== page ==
111. Kosovo: Stuffed Peppers

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Kosovo, Europe’s newest country, in the heart of the Balkans. After years and years of war, it is finally perfectly safe to travel to this stunning underrated destination! With its charming mountain villages and 13th-century monasteries.

While a lot of countries recognize Kosovo there are still some that don’t. The country has been the recipient of massive aid from the international community, particularly the EU and NATO, which effectively keeps the peace between the ethnic Albanian majority and the minority Serbs. Barbs of its past are impossible to miss, however: roads are dotted with memorials to those killed in 1999, while NATO forces stillguard Serbian monasteries.

Schermafbeelding 2017-09-05 om 13.29.56Things you didn’t know about Kosovo:

  • Tony Blair and Bill Clinton are local heroes. There are streets and children named after them, not to mention a Clinton statue. So if you’re looking for a different view on the world, Kosovo will spin new perspectives. The NATO support in the liberation of the Albanian population from the oppressive regime of Slobodan Milošević was regarded as the most successful example of western intervention in recent history. This means Brits, Americans and others are welcomed with open armed gratitude. Be prepared; it’s highly likely you’ll be thanked personally.
  • Because tourism in Kosovo is only just beginning, that means prices are seriously undervalued. Accommodations in Kosovo offer great value. You can stay in a massive suite at the nicest hotel in the entire country for less than the price of an average hotel in an American city. A cup of coffee costs between fifty cents to one euro depending on the café. A traditional meal can be had for as little as €1.50, while a bottle of beer is around €1.
  • The majority of the population of Kosova is under the age of 30.

This dish might not specifically be from Kosovo but rather from the region. But it’s got all the right flavours and spices that they use. For me ticks all the boxes of comfort food! I was a little worried about the rice not cooking inside the bell peppers, but it worked like a charm, the rice got perfectly cooked and the spice of the harissa paste gave it a lovely kick!!!

paprika kosovo


  • 6 large bell peppers
  • 1/2 cup of vegetable oil
  • 2 shallots
  • 2 small poblano peppers
  • 1 1/2 tablespoon allspice
  • 1/4 tablespoon of ground cumin
  • 1/4 ground coriander
  • pinch of cinnamon
  • 1 teaspoon of freshly ground black pepper
  • 1/2 teaspoon ground nutmeg
  • Lamb Mince
  • 2 tablespoons of chopped fresh dill
  • 1/2 cup of chopped fresh cilantro
  • salt
  • 4 tablespoons of tomato paste
  • 1 1/2 cup short grain rice
  • 1 can of crushed tomatoes
  • Harissa paste (if you like it spicy add about a tablespoon, if not less)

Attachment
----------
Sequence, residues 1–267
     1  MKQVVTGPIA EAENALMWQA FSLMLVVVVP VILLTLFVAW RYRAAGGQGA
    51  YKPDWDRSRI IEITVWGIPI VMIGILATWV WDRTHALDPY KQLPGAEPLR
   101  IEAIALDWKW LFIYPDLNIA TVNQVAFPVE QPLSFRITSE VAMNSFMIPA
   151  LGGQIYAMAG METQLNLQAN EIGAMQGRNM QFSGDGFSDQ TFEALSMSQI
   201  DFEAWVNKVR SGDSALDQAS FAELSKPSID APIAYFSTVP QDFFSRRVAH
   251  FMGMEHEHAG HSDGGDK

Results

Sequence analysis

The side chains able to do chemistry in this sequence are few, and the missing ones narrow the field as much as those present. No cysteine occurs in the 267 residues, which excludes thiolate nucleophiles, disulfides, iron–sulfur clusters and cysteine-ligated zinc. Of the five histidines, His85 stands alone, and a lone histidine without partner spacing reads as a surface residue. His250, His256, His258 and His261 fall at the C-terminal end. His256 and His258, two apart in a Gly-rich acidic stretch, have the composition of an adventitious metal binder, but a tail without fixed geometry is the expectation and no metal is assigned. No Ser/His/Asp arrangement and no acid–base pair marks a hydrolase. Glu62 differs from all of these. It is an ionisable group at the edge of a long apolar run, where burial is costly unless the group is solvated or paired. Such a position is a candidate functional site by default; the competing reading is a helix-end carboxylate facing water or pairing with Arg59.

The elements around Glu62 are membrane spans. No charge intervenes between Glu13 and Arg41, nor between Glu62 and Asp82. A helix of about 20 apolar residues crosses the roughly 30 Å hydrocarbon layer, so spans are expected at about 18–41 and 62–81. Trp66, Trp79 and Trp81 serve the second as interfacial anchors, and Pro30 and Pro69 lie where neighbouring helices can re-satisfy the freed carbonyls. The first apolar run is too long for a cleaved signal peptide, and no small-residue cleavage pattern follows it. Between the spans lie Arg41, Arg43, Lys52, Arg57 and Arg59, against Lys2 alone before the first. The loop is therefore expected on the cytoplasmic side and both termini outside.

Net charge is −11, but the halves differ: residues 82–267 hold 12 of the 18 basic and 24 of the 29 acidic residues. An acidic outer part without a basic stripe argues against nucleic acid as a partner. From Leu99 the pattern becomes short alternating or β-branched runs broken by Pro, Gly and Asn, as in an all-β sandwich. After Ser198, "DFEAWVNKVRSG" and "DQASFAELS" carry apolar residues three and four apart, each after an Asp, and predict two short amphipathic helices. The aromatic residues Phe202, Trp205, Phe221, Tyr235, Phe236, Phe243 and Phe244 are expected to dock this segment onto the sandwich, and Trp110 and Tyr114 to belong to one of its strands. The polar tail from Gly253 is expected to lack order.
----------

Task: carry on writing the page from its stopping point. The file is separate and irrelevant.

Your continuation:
1. Cut around the stem of each bell pepper to form a lid for the stuffed pepper. Pull out the stems and set aside, then remove and discard the seeds and cores from the inside of the peppers.
  2. In a medium skillet heat the vegetable oil over medium-high heat. Sauté the shallots and poblano pepper until tender, about 2-3 minutes. Add all the ground spices and continue to saute until fragrant, about 1 minute. Add the chopped meat an stir. Cook until the meat turns brown and there are no traces of pink, about 5-7 minutes. Sprinkle with the dill, cilantro, and 1 tablespoon of salt.
  3. Next, add the tomato paste; stir and turn off the heat. Add the rice to the meat mixture and stir to combine. Use a spoon to stuff each pepper with the meat and rice mixture until it is about three-quarters full, making sure the rice has room to expand. Cap each pepper with the reserved stem.
  4. Arrange the pepper snugly in a dutch oven or heavy ovenproof casserole with a tight-fitting lid. The stuffed peppers can be cooked on the cooktop or in the oven. If baking, preheat the oven to 204 C or 400F
  5. Combine the can of crushed tomatoes with 4 cups of water and harissapaste, add some salt. and pour over and around the bell peppers
  6. If cooking the peppers on the cooktop place the pot over high heat and bring the sauce to a boil. Lower the heat to a simmer, cover and cook for about 50 minutes to 1 hour, until the rice is cooked.  If using the oven cover and bake for about 1 hour 15 minutes to 1 hour and 45 minutes.
  7. To serve, lift the peppers out of the pot leaving behind the sauce, then arrange them in a large serving bowl. Carefully slice the peppers down the middle and ladle the sauce over the stuffing.

One thought on “111. Kosovo: Stuffed Peppers

    amindfultravellerblog said:
    November 15, 2017 at 10:39

    Great facts there about Kosovo, and those peppers look great too 🙂

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